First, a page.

Determine what style the manufacturer recommends for your meh dai. Meh dais with a padded waistband generally favor the non-apron tying method. Those with unpadded waists typically come with apron-style tying instructions. So, always check the manufacturer’s instructions.

1. How to Tie a Meh Dai for the Front Carry (Apron Style)

Here’s how to tie a meh dai in the apron style. Here’s a video on how to tie the apron style. This method keeps you and your baby close and connected.

1. With the patterned side of the panel facing toward your body and shoulder straps, tie the waist straps (around your waist). Remember: the patterned panel is facing outside at this point. Also, the waist strap labels and the instructions panels are visible from the outside.

Be sure to tie the straps around your natural waist. Your natural waist should be somewhere around your belly button.  See how you start the process in the picture below. This is the Infantino Sash that moms everywhere love.


apron style
Hold your meh dai upside down with the shoulder straps handing down.  

2. Use a double knot to tightly secure the waist straps on your back.

3. Take your baby and place them high on your chest with the legs open and knees comfortably bent. See the image below to understand how to correctly hold your baby. One hand should hold the backside while the other supports the top part.

hold your baby high

I suggest that you use a doll initially and practice this step until you’re comfortable doing it with your baby.

Don’t Drop that Baby!

4. Holding the baby securely with one hand. use your free hand to lift the hanging end of the carrier over the baby’s body. Drape the meh dai’s shoulder straps over your shoulders so that the straps now hang down your back.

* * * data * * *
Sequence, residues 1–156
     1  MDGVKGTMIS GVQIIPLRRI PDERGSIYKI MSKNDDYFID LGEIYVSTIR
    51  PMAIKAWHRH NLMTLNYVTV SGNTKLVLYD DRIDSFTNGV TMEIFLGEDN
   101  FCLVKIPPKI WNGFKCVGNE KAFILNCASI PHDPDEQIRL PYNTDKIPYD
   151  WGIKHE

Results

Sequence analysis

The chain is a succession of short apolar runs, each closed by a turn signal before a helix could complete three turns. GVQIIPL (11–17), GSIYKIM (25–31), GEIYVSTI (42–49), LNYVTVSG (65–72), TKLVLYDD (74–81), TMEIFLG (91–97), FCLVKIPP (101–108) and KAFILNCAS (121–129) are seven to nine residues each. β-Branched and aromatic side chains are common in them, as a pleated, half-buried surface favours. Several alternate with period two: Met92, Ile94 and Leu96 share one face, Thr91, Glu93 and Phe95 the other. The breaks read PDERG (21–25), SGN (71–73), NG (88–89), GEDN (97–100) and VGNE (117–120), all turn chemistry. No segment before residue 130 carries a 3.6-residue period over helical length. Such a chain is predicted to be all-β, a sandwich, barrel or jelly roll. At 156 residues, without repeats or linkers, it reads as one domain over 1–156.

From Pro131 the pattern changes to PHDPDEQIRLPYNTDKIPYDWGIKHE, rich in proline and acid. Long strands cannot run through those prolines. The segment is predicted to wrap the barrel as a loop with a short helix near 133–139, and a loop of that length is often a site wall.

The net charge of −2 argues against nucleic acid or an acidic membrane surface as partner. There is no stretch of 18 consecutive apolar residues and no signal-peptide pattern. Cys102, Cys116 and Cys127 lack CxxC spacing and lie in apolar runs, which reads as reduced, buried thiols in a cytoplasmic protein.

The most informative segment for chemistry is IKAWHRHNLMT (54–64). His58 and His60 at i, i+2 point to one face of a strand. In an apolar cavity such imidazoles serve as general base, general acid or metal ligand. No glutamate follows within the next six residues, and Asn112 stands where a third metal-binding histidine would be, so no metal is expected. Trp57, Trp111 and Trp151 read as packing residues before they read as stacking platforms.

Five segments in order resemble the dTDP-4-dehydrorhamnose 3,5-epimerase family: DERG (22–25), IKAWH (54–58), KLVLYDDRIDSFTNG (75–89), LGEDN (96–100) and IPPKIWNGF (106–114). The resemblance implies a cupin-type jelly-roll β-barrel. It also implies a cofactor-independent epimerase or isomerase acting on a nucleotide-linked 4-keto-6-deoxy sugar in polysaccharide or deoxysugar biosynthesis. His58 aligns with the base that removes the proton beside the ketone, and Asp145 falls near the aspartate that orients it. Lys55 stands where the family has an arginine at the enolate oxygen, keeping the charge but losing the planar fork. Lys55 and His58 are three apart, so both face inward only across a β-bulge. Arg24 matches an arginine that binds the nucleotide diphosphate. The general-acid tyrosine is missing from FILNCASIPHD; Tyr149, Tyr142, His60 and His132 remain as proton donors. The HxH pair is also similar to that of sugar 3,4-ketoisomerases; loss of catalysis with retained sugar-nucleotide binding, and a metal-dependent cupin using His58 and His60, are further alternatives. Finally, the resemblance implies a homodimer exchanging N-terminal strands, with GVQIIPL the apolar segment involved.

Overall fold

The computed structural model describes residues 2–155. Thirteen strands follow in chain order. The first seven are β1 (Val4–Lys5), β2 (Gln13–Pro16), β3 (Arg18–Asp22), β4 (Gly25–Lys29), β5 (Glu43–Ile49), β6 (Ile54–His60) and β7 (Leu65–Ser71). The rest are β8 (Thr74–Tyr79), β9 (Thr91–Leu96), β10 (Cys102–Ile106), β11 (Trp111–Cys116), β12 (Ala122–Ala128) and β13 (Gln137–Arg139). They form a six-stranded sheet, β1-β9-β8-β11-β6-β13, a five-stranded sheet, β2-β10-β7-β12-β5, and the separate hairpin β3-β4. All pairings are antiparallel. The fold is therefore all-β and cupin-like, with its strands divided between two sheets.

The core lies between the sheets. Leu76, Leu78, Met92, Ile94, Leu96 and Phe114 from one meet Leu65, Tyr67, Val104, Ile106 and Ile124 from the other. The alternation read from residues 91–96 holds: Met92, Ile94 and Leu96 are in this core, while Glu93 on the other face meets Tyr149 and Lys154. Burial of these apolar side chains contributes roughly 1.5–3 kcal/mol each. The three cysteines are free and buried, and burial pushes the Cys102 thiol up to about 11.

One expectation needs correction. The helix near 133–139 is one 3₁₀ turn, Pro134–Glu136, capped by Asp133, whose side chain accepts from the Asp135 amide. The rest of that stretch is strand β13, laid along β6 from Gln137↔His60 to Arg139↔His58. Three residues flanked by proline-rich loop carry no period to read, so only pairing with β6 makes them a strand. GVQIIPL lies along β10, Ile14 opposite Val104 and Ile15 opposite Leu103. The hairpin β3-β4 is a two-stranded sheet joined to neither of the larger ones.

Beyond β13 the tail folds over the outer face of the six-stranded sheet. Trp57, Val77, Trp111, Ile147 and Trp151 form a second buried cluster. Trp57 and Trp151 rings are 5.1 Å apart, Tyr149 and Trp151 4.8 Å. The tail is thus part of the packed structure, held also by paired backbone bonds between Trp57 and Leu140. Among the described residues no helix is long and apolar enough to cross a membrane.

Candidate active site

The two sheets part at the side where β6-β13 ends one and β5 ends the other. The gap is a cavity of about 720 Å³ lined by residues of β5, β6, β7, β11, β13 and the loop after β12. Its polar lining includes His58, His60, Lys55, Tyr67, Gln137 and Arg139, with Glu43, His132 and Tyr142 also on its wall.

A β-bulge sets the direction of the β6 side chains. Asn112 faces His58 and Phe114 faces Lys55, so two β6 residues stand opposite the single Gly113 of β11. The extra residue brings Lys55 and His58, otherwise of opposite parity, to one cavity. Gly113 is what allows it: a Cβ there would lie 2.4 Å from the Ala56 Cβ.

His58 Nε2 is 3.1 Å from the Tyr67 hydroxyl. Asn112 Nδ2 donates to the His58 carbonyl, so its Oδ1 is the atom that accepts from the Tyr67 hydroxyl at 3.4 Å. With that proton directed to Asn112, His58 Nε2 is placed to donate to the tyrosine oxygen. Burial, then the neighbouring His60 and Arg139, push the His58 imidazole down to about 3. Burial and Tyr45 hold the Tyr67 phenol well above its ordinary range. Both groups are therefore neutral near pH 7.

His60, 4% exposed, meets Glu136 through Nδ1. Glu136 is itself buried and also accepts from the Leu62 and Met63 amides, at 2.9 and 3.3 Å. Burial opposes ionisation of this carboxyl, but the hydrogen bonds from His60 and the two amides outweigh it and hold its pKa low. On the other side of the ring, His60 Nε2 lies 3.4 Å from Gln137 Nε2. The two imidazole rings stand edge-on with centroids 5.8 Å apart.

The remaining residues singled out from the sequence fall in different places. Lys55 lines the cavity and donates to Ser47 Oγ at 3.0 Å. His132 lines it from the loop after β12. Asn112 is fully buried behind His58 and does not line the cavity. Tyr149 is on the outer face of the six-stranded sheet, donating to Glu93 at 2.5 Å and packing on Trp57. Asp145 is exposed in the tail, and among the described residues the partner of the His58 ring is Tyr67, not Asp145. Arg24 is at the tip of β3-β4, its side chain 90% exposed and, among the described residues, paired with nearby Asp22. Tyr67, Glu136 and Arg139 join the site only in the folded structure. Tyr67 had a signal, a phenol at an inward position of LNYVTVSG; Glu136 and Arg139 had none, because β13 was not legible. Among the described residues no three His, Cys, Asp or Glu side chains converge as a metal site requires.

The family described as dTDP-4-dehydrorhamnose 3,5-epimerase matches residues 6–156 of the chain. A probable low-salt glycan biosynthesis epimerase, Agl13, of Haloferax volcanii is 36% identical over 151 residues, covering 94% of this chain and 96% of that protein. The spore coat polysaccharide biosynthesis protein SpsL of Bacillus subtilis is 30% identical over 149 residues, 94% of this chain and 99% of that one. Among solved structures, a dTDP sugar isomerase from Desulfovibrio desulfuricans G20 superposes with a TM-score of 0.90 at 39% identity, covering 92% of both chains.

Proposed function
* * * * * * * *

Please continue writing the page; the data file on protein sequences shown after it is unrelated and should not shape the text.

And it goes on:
5. Now, hold your baby with your dominant hand (right hand for yours truly). Use the other hand to reach behind your back and grab the shoulder strap from the opposite shoulder. Place the strap over your baby and switch hands. The hand that went for the strap is now holding the baby. And the other hand goes for the other strap.

6. Tie the two straps around the front using a double knot. But you don’t want the knot too tight as to squeeze your baby. You’re to make the knot right across the middle of your kiddo’s back as shown in the image below.

hold the baby and tie front knot

7. If you did it correctly, the shoulder straps should make the letter X on your back as shown below.

moms back with letter X

8. Hold your baby’s head gently and turn it to one side. You’re doing this to make sure your kiddo can breathe without hindrance.

What If Your Baby is Older and Bigger? 

Go through all the steps outlined above. But when lifting the baby, hold them tummy to tummy with their legs wrapping around your waist. The baby is now in the facing-in position.

If the shoulder straps are extra long and you’re not a big mom or dad, you can tie them at the back. Instead of making the double knot on the front, cross the straps one over the other while holding the baby with one hand.

Pass one of the straps over the baby’s bum and then underneath the leg and repeat for the other strap. Finally, tie them at the back somewhere above the first knot and you’re done! It’s that simple and easy.

carrying a bigger baby

10. Optional: What if the meh dai has a hood and you want to use it? If it’s cold outside, you can attach the detachable hood to protect your baby.

Take the hood and snap the base to the matching points on the carrier near the shoulders. Finally, attach the hood’s straps onto the matching snaps on the shoulder straps.

How to attach detachable hood to a baby carrier

How to Use the Non-apron Style

The non-apron tying style distributes your baby’s weight toward your hips. To achieve that baby weight distribution, you tie the straps around the top of your hips. The waistband sits somewhere below your toddler’s bum, distributing their weight toward your hips.

Unlike with the apron style, the waistband isn’t visible after you’re done wearing your baby. In this method, you fold the waistband once toward your body before proceeding with the rest of the tying process.

2. How to Back-carry Your Baby in a Meh Dai

The back carry isn’t for newborn babies. You want to use it for bigger babies (8 months and above). Here’s how to do tie a meh dai for a back carry: